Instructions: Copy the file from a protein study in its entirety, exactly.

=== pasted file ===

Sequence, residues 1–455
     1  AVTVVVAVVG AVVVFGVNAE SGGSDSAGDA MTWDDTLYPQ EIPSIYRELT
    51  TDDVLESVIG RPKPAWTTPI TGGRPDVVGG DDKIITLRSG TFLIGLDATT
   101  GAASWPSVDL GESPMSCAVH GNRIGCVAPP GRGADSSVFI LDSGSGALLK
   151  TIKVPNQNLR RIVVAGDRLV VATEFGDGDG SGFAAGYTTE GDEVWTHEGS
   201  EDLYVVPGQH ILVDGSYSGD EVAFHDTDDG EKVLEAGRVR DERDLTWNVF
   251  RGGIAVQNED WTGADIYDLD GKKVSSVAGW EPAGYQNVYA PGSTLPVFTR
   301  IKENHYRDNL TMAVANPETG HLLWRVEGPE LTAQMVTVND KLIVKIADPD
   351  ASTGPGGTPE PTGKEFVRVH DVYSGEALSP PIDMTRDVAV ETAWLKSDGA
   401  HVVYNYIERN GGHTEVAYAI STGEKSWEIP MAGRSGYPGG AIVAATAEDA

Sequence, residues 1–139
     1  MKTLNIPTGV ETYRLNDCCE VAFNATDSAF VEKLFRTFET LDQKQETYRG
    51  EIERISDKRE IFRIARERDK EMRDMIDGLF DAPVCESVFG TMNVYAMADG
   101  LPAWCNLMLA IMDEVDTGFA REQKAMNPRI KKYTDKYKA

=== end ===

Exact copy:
Sequence, residues 1–455
     1  AVTVVVAVVG AVVVFGVNAE SGGSDSAGDA MTWDDTLYPQ EIPSIYRELT
    51  TDDVLESVIG RPKPAWTTPI TGGRPDVVGG DDKIITLRSG TFLIGLDATT
   101  GAASWPSVDL GESPMSCAVH GNRIGCVAPP GRGADSSVFI LDSGSGALLK
   151  TIKVPNQNLR RIVVAGDRLV VATEFGDGDG SGFAAGYTTE GDEVWTHEGS
   201  EDLYVVPGQH ILVDGSYSGD EVAFHDTDDG EKVLEAGRVR DERDLTWNVF
   251  RGGIAVQNED WTGADIYDLD GKKVSSVAGW EPAGYQNVYA PGSTLPVFTR
   301  IKENHYRDNL TMAVANPETG HLLWRVEGPE LTAQMVTVND KLIVKIADPD
   351  ASTGPGGTPE PTGKEFVRVH DVYSGEALSP PIDMTRDVAV ETAWLKSDGA
   401  HVVYNYIERN GGHTEVAYAI STGEKSWEIP MAGRSGYPGG AIVAATAEDA

Sequence, residues 1–139
     1  MKTLNIPTGV ETYRLNDCCE VAFNATDSAF VEKLFRTFET LDQKQETYRG
    51  EIERISDKRE IFRIARERDK EMRDMIDGLF DAPVCESVFG TMNVYAMADG
   101  LPAWCNLMLA IMDEVDTGFA REQKAMNPRI KKYTDKYKA